Burns Lake RCMP have received complaints of a suspicious male offering rides to young people in the community.
On Christmas Eve, at approximately 5 p.m., the RCMP received a report of a person who had offered a ride to two young girls. It is believed that this same person offered a ride to a young man at 3 a.m. on Christmas Eve. He refused and there was no further conversation with the male.
The police were also told that on the previous day, Dec. 23, at 6:30 p.m., a male in a pickup truck approached two young girls outside a local restaurant and offered them a ride. The girls refused and the male left.
According to corporal Aaron Semmler, Burns Lake RCMP detachment commander, there have been no further reports of this nature since those dates.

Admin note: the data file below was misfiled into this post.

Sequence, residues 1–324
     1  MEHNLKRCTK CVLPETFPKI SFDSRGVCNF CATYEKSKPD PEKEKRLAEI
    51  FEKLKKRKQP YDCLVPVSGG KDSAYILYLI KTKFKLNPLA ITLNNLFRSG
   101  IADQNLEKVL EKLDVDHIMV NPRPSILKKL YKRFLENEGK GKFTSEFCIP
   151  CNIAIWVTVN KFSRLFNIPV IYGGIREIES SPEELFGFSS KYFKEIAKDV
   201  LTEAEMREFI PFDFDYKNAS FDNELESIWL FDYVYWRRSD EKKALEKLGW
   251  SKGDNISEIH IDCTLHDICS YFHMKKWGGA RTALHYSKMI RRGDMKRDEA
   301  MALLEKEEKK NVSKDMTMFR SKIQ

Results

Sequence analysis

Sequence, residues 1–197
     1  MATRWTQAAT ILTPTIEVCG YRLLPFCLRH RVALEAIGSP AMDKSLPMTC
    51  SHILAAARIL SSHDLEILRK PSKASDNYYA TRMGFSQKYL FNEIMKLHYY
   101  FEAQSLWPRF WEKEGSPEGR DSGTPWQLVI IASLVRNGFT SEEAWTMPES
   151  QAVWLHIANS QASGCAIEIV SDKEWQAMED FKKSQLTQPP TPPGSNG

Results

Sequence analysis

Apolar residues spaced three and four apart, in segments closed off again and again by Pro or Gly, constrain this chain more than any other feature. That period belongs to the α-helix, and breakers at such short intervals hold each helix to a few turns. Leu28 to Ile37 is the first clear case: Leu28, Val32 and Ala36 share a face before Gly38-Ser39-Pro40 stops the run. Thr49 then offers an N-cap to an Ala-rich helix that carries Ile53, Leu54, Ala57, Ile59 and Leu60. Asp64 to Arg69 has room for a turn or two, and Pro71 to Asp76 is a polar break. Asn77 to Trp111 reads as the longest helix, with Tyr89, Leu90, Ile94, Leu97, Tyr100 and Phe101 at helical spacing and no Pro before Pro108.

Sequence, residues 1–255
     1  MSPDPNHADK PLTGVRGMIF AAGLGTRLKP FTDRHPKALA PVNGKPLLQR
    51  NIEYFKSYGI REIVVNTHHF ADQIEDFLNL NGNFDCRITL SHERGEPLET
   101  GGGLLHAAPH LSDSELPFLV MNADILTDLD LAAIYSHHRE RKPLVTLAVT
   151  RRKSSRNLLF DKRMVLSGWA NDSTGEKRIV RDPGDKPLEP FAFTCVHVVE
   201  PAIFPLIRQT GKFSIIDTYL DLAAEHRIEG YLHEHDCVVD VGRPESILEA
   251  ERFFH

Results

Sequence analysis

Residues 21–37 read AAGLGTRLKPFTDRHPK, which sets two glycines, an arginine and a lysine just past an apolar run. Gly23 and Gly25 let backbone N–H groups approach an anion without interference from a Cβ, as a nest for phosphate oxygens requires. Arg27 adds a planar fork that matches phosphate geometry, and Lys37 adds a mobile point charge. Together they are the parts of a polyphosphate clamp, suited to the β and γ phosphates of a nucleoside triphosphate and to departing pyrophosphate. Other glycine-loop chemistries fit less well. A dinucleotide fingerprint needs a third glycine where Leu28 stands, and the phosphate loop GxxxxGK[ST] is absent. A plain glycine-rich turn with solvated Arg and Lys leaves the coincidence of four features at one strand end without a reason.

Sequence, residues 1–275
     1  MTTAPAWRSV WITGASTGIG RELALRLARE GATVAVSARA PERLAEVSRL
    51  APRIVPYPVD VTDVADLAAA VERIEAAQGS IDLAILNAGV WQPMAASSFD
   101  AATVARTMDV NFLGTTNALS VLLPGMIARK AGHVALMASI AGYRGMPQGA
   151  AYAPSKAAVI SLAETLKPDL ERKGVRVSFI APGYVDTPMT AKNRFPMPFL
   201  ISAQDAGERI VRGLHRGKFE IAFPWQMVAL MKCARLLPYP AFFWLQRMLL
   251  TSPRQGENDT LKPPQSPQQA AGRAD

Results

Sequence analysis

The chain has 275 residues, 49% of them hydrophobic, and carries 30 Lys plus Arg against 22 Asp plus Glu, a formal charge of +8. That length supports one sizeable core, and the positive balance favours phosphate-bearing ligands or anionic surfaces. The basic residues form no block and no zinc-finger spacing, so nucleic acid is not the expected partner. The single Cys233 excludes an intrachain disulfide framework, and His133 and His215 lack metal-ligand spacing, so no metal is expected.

The only vehicle description that the three people could provide is that it was a white GMC pickup truck. No plate was noted nor how old the vehicle may be. No description of the male could be provided.
Police are asking the public to immediately report any suspicious activity of this nature. The RCMP are also asking parents to ensure they talk to their children about strangers and never accept a ride from someone they do not know.
There is still much debate over the exact number of women who have gone missing along the stretch of Hwy. 16 commonly referred to as the Highway of Tears.
While the RCMP says at least 18 women went missing or were murdered along Hwy. 16 and the adjacent Hwy. 97 and Hwy. 5 since the 1970s, many people living in northern B.C. believe that number could be higher.